The next morning, Hugh came into the garden a bit hesitatingly. Cadfael saw him approach and smiled.
"Hello, lad. I will be glad for your assistance today, I have finally finished harvesting the ingredients for all ointments and potions needed."
He did notice the slight unease in his friend, but chose to ignore it. Hugh would not get over his insecurities in just one day and from now on, he just needed the reassuring everyday routine he was used to before his injury and illness.
Inside, he set Hugh to chopping and grinding ingredients while he started several potions and mixed a number of ointments. The silence was comforting this time instead of awkward and an hour and a half later, Cadfael bottled three potions, set two others to simmer and took out another flask.
"What do you think of this mix?" he asked, handing Hugh a mug of it, "drink it."
The Sheriff sniffed and tasted. "Ugh." He made a face and tried to hand the beaker back to Cadfael.
Cadfael smiled. "Finish it."
Hugh curled his lip. "It tastes revolting."
"It is also very good for you. Drink it, and I'll pour you some wine."
"Can't you add something to at least hide the taste?" Hugh complained as he drained the cup.
"Yes, but it is too early in the season for the plants I would need for it. Here."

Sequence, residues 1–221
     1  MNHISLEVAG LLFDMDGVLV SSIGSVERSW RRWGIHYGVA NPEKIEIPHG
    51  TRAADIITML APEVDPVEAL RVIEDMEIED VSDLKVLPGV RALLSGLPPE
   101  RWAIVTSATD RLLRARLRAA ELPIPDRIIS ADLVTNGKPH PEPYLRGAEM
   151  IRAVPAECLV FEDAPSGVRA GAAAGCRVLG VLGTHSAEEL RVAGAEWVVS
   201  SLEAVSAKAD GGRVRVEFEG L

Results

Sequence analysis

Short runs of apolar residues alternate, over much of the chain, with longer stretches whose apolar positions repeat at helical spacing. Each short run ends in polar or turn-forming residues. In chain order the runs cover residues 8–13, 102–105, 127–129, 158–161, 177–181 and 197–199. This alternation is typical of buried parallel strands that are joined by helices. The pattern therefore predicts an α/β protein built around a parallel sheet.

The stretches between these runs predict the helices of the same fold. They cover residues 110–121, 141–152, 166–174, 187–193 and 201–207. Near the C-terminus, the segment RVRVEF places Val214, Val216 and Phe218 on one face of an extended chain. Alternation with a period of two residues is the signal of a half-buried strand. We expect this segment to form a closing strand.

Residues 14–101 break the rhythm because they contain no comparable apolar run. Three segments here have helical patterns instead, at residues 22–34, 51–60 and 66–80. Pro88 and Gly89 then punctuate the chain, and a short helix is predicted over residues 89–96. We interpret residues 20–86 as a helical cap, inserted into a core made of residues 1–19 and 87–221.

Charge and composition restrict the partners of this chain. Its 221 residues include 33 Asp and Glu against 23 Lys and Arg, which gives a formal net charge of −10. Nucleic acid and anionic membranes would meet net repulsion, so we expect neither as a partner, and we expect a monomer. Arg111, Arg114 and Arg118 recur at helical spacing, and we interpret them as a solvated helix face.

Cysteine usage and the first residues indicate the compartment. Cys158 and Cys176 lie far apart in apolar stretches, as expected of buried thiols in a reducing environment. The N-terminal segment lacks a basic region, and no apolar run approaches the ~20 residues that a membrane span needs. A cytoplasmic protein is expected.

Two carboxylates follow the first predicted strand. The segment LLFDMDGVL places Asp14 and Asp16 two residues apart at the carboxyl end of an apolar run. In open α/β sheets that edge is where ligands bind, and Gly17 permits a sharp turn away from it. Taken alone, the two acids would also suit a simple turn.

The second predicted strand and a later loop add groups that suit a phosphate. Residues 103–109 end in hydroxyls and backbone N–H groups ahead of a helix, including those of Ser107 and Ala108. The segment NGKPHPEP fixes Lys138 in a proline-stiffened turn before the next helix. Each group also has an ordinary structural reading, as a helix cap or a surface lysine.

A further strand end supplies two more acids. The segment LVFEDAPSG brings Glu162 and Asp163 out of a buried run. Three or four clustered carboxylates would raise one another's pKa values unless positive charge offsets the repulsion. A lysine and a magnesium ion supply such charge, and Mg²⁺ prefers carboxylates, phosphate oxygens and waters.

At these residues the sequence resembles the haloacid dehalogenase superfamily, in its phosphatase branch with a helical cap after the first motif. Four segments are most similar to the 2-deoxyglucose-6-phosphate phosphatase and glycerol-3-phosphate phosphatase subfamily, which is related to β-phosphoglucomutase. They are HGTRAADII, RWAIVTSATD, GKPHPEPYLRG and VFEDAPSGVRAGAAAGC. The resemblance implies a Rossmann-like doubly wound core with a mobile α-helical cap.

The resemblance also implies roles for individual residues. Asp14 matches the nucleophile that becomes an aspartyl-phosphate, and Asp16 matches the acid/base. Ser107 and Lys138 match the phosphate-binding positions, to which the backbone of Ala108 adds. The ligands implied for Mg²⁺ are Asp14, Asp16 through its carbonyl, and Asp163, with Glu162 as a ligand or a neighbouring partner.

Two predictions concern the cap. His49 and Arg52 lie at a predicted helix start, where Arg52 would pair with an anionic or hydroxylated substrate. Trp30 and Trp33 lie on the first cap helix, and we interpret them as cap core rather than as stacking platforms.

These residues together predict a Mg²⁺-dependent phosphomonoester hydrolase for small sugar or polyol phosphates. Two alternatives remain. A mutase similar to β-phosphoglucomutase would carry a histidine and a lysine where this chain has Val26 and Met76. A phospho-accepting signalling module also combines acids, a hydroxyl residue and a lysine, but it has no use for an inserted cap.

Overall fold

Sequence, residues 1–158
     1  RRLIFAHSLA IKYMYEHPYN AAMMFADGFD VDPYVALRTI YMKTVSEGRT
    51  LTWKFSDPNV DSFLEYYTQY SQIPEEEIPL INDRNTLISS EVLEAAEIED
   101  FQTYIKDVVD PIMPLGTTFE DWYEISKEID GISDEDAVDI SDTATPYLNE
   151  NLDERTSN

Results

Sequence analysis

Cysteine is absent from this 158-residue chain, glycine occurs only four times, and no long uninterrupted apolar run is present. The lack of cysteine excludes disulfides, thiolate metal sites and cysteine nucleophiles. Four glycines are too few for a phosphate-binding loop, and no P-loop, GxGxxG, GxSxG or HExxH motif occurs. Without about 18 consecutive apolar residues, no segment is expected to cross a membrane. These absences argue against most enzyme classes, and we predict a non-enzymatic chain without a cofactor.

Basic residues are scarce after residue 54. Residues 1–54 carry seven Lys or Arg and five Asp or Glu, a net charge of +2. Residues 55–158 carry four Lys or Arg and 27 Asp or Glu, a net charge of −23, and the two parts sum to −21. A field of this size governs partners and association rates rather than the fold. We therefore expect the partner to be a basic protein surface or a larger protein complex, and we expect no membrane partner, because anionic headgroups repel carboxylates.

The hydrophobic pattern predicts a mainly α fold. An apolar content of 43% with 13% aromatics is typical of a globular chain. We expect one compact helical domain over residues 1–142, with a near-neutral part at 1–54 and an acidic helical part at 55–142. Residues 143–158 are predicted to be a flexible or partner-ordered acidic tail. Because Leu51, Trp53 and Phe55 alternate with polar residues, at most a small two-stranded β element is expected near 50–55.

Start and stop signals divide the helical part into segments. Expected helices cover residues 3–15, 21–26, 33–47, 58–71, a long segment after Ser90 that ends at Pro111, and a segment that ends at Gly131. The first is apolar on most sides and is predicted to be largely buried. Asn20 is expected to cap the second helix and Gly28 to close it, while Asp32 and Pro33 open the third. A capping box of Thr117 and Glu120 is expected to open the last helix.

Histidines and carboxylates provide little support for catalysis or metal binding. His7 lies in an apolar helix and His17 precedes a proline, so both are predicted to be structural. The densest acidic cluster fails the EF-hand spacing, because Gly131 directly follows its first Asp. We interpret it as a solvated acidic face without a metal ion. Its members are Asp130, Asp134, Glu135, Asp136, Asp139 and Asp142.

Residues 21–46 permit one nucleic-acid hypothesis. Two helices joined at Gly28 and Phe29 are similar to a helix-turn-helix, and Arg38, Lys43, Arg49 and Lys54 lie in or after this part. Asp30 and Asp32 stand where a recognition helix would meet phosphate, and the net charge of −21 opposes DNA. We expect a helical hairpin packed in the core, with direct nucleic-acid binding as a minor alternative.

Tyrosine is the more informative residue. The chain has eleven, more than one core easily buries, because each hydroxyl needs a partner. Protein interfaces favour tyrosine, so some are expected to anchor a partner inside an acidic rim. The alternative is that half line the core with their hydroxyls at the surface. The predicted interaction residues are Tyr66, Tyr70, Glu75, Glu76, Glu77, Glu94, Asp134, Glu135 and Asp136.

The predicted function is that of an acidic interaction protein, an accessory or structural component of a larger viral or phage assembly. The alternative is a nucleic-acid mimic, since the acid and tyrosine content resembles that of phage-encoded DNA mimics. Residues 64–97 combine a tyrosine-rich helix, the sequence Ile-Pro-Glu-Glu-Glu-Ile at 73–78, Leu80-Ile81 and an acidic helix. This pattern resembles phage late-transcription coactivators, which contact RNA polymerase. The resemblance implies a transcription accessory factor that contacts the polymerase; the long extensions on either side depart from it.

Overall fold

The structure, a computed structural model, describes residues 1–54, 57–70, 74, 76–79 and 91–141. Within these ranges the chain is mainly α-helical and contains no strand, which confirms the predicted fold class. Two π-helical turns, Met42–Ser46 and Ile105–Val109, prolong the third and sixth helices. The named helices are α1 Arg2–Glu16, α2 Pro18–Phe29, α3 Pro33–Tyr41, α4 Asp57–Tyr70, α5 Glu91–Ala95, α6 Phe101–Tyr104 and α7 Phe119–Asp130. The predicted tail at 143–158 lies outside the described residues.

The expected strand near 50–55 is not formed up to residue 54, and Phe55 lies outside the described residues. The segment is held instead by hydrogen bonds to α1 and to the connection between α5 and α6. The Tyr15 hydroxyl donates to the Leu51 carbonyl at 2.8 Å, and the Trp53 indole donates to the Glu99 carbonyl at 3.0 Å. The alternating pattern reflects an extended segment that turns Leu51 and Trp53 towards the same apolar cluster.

Hugh gratefully took a rather larger gulp of the wine than he normally would and promptly starting choking, coughing helplessly.
Cadfael shook his head and thumped him on the back. "Honestly, where did you learn to drink? Easy now."
"You try drinking something as vile as that!" the younger man protested, "what WAS that, anyway? It tastes like horsepi…"
A stern glare from Cadfael made him stop before he could finish the word.
"This is an extract of several plants that will help you build up your strength. Be sure to eat good solid food over the next weeks – meat and eggs. You've lost far too much weight."
Hugh bit his lip. "I wasn't hungry at all when…when…"
"I know, it has that effect," Cadfael nodded, "that is why we have to get some flesh back on your bones! You'll find that it is much easier to regain your strength with some proper nourishment. If you do not see to it yourself, I shall send a message to Aline."
Hugh held up his hands in surrender. "Please, spare me! I shall follow your every direction as long as you do not set my wife on me."
"Then take this flask of horse urine and drink a cup every day."
Hugh made an urchin's face at him just as brother Jerome entered the small hut. The Sheriff turned bright red and Cadfael bit his lip not to laugh out loud.
The small brother looked down upon them haughtily. "Father Abbot requests your presence, my Lord Sheriff, and yours, brother."
Ten minutes later both of them sat in the Abbot's quarters waiting for the man to arrive.
"Brother Jerome's good opinion of me is lost forever, isn't it?" Hugh groaned.
"Undoubtedly. That will teach you to show such disrespect to revered brothers of the Benedictines, you young heathen," Cadfael smirked.
Hugh was about to stick his tongue out at the revered brother but thought better of it. Luckily for him, just in time as the Abbot entered, but not fast enough to wipe the embarrassed expression off his face.